Salience, Coordination and Cooperation in Contributing to Threshold Public Goods
We present results from a multiple public goods experiment, where each public good produces benefits only if total contributions to it reach a minimum threshold. The experiment allows us to compare subjects' behavior in a benchmark treatment with a single public good and in treatments with more public goods than can be funded. We show how the availability of additional, more-efficient public goods may not make subjects better off. This is because additional options decrease the probability of coordination and discourage contributions. Introducing additional, less-efficient options does not alter coordination and contributions relative to the benchmark.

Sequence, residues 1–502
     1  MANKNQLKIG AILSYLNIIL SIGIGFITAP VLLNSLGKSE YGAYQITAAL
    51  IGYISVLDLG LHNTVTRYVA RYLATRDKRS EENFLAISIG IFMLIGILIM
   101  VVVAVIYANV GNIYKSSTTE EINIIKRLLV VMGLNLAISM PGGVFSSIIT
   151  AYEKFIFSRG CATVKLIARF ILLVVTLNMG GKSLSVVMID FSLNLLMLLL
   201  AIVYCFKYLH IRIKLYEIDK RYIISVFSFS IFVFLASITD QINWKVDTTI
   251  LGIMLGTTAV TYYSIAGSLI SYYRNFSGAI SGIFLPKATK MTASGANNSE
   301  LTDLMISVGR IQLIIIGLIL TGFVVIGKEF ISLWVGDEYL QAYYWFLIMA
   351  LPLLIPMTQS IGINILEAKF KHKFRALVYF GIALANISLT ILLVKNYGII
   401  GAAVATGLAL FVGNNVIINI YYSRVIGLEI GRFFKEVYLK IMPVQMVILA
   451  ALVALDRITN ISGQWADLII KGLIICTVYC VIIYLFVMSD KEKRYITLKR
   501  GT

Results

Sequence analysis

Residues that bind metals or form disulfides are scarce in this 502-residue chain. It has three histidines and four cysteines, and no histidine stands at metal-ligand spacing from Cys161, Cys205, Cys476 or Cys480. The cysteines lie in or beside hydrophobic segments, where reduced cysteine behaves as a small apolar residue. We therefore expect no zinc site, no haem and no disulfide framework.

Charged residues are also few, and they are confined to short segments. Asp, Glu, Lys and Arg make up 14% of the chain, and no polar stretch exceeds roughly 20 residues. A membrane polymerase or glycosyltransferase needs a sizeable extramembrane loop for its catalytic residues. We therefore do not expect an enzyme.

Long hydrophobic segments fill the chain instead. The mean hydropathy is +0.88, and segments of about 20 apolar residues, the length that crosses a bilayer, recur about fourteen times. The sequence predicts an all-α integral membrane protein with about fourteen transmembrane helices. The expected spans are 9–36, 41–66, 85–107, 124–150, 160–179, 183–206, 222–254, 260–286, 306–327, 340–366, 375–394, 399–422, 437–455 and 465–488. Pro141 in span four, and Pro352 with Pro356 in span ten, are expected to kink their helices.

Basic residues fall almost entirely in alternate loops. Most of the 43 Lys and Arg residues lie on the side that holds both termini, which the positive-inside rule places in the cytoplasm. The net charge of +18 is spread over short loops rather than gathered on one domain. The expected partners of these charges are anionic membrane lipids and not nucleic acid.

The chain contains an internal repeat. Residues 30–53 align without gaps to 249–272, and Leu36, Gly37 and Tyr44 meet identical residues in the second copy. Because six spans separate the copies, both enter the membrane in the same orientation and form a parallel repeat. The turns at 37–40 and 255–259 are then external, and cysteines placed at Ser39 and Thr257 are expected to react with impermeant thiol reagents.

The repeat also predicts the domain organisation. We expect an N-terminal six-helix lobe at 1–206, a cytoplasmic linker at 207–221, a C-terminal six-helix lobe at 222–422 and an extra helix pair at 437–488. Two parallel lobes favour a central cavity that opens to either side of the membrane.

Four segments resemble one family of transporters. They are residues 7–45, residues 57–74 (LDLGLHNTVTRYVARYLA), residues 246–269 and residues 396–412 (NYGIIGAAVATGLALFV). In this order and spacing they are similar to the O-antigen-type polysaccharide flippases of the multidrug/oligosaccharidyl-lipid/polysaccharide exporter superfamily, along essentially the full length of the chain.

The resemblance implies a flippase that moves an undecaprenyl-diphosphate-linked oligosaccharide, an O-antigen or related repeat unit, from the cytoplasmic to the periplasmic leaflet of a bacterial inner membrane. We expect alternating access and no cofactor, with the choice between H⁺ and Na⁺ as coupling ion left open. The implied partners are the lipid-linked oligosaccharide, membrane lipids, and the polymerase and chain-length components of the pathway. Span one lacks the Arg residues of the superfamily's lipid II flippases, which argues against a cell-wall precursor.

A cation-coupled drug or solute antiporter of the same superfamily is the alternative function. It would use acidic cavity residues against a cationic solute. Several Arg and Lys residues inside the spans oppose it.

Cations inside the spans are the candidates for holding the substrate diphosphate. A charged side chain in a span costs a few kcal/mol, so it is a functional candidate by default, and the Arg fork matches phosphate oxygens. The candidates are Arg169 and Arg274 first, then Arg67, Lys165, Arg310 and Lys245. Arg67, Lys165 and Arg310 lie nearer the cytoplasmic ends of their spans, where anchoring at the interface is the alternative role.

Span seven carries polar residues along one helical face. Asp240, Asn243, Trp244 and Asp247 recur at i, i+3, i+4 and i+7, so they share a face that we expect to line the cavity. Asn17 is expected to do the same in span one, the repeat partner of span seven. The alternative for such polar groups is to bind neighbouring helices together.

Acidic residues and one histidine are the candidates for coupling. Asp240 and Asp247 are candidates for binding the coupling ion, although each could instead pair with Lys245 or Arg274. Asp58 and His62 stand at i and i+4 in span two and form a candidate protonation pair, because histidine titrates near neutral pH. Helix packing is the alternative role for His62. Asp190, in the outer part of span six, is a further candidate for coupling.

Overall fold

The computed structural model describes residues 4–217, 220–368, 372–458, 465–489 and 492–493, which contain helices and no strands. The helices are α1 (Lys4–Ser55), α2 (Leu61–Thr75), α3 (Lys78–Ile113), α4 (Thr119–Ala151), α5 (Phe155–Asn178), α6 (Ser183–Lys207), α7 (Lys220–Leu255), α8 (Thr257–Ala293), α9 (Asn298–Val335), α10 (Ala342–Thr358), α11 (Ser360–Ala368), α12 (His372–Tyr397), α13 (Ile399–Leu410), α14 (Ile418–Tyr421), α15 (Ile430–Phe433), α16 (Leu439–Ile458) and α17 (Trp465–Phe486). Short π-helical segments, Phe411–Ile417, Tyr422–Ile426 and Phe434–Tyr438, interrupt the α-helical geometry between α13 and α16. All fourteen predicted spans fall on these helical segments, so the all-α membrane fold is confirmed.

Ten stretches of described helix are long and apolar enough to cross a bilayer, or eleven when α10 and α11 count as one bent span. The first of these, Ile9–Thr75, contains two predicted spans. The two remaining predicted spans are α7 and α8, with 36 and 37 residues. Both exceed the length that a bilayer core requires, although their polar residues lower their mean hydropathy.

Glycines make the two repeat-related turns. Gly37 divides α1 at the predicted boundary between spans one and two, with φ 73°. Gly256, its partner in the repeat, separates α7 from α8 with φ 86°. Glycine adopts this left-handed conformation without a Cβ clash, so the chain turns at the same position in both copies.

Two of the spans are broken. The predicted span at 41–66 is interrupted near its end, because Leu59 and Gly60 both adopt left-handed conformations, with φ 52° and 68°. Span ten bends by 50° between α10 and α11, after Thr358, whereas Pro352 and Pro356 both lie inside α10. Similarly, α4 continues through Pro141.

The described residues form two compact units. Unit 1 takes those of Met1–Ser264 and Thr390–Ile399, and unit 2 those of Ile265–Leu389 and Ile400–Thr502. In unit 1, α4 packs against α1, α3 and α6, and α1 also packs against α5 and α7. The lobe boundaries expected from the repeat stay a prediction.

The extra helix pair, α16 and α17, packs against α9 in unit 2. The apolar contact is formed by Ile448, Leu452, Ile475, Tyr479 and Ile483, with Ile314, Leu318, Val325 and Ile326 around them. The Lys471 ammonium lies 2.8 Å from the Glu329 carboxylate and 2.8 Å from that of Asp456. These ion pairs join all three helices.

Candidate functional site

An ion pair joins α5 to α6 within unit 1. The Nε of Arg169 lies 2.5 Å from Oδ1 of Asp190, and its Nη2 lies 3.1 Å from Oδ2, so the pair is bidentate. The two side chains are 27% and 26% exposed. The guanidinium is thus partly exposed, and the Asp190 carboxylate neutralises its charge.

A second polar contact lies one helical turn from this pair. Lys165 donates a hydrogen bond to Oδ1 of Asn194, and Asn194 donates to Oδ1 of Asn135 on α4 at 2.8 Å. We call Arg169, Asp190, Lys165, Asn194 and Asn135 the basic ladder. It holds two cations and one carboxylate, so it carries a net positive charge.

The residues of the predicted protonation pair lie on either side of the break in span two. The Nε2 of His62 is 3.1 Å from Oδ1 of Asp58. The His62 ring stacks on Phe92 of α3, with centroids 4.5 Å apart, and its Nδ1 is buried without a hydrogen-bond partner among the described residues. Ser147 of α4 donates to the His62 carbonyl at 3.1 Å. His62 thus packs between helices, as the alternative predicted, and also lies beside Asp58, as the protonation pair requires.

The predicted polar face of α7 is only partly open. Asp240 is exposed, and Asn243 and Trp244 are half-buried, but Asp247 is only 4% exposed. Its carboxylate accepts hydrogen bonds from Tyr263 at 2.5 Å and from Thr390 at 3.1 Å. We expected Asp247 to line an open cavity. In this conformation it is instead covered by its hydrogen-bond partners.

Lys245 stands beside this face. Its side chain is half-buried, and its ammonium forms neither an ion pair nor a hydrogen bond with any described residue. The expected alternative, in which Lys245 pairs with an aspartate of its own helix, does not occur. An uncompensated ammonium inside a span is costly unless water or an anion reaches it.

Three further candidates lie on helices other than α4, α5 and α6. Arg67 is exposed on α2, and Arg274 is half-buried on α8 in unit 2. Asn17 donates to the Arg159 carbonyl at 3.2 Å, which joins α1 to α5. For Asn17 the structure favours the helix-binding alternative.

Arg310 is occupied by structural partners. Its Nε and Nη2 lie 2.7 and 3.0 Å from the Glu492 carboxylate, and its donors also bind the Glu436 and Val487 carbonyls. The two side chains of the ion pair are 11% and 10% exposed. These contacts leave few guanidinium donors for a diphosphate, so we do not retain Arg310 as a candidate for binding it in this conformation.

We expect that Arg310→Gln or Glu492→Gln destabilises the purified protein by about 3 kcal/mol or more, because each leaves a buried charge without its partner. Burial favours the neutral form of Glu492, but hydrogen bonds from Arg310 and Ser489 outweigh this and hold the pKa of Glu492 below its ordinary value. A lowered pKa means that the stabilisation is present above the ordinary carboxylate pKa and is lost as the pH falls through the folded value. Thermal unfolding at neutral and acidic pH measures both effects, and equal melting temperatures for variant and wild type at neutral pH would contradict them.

|Date of creation:||May 2012|
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